SONG OF LAMENT:
W/ ESTHER BELIN
Chip Thomas and Esther Belin
American, b. 1957, and Diné, b. 1968
Song of Lament
Site-specific paper mural
This collaborative work between Chip Thomas and Esther Belin recounts the effects that the COVID-19 global health crisis has had on Indigenous communities and the ways in which it has illuminated the status and lived reality that Indigenous peoples face. “I wanted to illuminate the state of invisibility, insignificance and erasure that affects Indigenous peoples in the U.S., as well as the false hope they have had in the U.S. government,” said Belin.
The work itself is arresting in its visuality and layered in its composition. A man in the foreground stands, head tilted back while taking a sip of a beverage, with his arm almost in a salute position while a mural of an elder’s face stares out with piercing gaze at the viewer – almost interrogating the viewer and demanding them take note of the words written by Belin. The poem brings to mind thoughts or notions about conflict or war – which is intentional. Belin notes that there has been a sustained conflict upon Indigenous communities by the United States Government, only further illuminated and amplified by the realities the Covid-19 pandemic has created.
The impact that the coronavirus pandemic has had on Indigenous peoples, and specifically on the Diné Nation where Belin is from and Thomas lives and works, has been tremendous, revealing the precarious nature of the healthcare system and other essential infrastructures in the community. “It took a global pandemic for non-Indians to experience a comparable state of unrest that tribal people have had to adapt to in order to survive,” shared Belin. “The poem is meant to draw out the profound emotions of grief and sorrow, to ignite a visceral somatic experience.”
Chip Thomas (jetsonorama), American, b. 1957
Chip Thomas, a.k.a. “jetsonorama,” is a photographer, public artist, activist and physician who has been working between Monument Valley and the Grand Canyon on the Navajo Nation since 1987. There he coordinates the Painted Desert Project, a community building project which manifests as a constellation of murals across the Navajo Nation painted by artists from all over the rez and the world. These murals aim to reflect love and appreciation of the rich history shared by the Navajo people back to Navajo people.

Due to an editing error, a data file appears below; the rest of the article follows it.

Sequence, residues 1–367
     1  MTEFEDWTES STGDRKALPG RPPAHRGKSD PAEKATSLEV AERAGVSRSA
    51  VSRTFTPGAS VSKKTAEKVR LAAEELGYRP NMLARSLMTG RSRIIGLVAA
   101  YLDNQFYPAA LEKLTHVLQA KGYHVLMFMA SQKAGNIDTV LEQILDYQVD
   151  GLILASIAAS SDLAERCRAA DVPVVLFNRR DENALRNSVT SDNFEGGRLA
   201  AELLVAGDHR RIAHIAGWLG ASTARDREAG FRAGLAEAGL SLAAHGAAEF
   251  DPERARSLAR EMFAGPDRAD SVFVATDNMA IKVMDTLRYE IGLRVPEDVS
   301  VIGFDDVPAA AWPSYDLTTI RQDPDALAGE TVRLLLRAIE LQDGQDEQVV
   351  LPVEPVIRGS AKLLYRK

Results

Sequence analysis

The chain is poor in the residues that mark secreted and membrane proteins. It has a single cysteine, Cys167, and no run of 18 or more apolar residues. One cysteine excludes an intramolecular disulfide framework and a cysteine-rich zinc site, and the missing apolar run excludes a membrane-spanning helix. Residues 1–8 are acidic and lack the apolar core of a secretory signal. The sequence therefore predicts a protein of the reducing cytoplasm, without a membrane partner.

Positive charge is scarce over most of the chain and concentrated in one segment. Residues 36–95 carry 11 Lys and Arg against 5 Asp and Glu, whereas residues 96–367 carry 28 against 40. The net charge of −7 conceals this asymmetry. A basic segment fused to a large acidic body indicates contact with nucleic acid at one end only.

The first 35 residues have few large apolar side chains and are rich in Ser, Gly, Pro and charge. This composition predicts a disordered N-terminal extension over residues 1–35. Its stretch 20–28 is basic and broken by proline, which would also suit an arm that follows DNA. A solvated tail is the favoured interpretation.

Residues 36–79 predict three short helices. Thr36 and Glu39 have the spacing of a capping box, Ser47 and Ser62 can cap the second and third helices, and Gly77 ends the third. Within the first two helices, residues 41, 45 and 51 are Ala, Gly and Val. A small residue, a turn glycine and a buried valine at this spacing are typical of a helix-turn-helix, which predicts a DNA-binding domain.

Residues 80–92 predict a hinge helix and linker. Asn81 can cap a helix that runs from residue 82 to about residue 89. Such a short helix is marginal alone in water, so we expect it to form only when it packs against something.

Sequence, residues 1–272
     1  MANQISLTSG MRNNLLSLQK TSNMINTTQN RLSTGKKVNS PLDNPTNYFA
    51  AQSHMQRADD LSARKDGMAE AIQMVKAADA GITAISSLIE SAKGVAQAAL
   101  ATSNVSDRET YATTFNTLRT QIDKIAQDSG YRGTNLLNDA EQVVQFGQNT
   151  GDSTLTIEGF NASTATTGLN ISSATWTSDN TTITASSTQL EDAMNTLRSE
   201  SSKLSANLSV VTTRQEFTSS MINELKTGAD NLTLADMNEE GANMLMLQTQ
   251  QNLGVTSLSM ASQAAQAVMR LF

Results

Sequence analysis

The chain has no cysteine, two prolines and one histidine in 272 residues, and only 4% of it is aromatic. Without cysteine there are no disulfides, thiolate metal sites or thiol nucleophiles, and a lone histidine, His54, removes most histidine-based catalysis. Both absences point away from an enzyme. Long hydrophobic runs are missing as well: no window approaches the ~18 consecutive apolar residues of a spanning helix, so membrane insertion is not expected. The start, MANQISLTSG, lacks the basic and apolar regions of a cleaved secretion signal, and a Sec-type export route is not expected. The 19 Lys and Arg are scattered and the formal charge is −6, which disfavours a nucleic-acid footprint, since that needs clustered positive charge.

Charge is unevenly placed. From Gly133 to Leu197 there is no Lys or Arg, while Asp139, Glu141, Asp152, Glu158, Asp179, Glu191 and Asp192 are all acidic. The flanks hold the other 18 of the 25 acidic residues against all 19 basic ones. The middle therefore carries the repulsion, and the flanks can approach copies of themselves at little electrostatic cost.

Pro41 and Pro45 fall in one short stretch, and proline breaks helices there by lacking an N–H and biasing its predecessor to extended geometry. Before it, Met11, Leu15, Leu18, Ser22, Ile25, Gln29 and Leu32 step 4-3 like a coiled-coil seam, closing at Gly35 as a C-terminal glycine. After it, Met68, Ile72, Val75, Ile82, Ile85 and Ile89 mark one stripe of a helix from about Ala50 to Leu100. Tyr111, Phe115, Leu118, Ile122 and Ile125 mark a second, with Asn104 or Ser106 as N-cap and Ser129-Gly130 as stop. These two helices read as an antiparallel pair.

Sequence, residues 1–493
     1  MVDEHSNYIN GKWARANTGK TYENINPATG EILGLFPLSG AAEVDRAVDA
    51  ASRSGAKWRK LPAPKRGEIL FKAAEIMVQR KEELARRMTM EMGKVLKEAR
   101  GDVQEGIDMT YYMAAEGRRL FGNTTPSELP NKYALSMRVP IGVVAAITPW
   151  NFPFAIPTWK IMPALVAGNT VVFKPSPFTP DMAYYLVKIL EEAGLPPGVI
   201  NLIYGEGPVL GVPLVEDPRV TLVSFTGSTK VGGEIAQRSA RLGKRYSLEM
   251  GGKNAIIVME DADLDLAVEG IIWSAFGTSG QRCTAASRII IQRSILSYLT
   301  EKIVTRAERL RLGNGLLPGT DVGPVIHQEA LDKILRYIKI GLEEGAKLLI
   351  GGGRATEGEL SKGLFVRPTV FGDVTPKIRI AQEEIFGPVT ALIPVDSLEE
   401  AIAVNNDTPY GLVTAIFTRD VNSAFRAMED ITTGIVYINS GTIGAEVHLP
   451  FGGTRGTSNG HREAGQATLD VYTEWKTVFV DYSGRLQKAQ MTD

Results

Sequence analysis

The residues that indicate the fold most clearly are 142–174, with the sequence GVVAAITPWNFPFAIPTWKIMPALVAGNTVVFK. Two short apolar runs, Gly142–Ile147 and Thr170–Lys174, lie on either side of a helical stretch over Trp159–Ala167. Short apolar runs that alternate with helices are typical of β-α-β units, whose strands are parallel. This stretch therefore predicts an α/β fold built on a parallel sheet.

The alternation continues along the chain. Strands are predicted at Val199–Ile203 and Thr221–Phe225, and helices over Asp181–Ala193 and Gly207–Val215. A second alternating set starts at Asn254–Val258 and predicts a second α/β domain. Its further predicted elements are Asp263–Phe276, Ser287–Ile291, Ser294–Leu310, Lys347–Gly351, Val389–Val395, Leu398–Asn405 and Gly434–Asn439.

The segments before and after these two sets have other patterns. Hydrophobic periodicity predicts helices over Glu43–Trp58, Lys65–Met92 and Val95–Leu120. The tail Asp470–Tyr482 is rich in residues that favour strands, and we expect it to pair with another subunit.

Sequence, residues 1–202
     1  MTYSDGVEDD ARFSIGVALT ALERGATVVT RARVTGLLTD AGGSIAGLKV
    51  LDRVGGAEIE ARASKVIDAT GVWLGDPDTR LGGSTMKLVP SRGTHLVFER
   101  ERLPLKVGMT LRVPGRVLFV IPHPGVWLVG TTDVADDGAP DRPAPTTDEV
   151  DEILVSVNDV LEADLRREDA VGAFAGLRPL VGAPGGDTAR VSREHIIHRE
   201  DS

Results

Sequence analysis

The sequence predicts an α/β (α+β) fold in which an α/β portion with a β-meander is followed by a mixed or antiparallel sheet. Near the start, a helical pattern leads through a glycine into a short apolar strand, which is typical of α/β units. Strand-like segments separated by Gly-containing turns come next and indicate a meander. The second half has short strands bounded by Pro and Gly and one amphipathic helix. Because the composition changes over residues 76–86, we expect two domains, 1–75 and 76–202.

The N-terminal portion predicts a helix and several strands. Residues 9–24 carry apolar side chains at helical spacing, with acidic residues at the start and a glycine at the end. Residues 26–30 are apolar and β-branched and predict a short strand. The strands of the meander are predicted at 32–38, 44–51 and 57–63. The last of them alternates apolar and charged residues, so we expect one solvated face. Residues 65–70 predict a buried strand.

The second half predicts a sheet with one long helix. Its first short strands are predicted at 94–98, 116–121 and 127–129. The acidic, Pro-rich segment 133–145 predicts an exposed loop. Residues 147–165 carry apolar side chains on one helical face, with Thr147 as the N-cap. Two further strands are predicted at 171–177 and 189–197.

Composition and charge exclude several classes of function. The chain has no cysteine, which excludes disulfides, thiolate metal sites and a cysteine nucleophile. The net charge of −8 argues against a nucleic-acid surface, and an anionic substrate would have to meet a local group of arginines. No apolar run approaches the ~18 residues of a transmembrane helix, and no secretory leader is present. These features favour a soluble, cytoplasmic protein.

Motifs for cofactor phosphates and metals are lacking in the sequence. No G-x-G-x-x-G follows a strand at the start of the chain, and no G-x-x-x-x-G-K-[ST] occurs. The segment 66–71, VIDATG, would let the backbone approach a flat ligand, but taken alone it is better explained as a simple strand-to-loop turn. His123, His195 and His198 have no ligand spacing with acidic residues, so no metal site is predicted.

As a member of the Justseeds Artists’ Cooperative, Thomas appreciates the opportunity to be part of a community of like-minded, socially engaged artists. You can find his large-scale photographs throughout the northern Arizona desert pasted on the roadside and on the sides of houses, and on the graphics and campaign materials of the People’s Climate March, Justseeds and 350.org campaign for lower carbon emissions.
Thomas was a 2018 recipient of a Kindle Project artist’s gift and in 2020 was one of a handful of artists chosen by the United Nations to recognize the 75th anniversary of the organization’s founding. Artists were chosen to generate work that “contributes to the envisioning and shaping of a more resilient and sustainable future. It is hoped that this work will amplify and accelerate implementation of the UN Global Sustainability Goals with a focus on communities and climate action.”
Esther G. Belin, Diné, b. 1968
Esther G. Belin, a writer and multimedia artist, is a citizen of the Navajo Nation and lives in southwest Colorado. She is a second-generation off-reservation Native American, a byproduct of the United States’ federal Indian policies of termination and relocation. Her art and writing reflect the historical trauma from those policies as well as the philosophy of Sa'ah Naagháí Bik’eh Hózho, the worldview of the Navajo People.
Belin’s writing is widely anthologized. Her latest volume of poetry, Of Cartography, examines identity politics, checkerboard land status, and the interplay of words (abstraction) and image (realism). In 2000, she won the American Book Award for her first book of poetry, From the Belly of My Beauty. She holds degrees from Antioch University, the Institute of American Indian Arts and the University of California at Berkeley.
Belin is currently a faculty mentor in the Low-Residency MFA program at the Institute for American Indian Arts.